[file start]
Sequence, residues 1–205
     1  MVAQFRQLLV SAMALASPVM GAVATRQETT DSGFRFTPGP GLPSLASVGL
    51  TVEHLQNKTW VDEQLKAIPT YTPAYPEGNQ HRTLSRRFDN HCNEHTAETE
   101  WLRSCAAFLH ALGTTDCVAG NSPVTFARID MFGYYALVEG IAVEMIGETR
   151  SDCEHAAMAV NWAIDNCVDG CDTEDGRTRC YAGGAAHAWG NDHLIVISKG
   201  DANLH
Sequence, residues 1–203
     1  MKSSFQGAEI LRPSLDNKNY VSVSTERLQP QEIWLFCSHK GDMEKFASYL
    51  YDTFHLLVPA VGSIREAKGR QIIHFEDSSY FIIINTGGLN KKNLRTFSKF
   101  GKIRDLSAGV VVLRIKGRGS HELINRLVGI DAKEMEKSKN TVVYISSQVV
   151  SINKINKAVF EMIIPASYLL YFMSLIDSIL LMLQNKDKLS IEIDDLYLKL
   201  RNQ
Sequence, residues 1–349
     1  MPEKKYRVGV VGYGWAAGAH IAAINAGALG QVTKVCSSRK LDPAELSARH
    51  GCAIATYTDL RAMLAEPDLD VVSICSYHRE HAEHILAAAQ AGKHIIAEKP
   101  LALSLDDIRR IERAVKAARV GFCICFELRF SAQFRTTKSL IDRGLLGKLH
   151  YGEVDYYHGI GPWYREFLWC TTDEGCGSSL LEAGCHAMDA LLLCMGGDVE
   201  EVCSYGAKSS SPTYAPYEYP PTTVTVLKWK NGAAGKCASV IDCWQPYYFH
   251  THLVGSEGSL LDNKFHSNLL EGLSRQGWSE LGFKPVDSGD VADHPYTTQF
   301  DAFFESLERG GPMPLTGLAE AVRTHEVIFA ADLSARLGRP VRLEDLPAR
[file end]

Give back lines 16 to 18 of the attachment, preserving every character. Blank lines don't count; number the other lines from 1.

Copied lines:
   101  LALSLDDIRR IERAVKAARV GFCICFELRF SAQFRTTKSL IDRGLLGKLH
   151  YGEVDYYHGI GPWYREFLWC TTDEGCGSSL LEAGCHAMDA LLLCMGGDVE
   201  EVCSYGAKSS SPTYAPYEYP PTTVTVLKWK NGAAGKCASV IDCWQPYYFH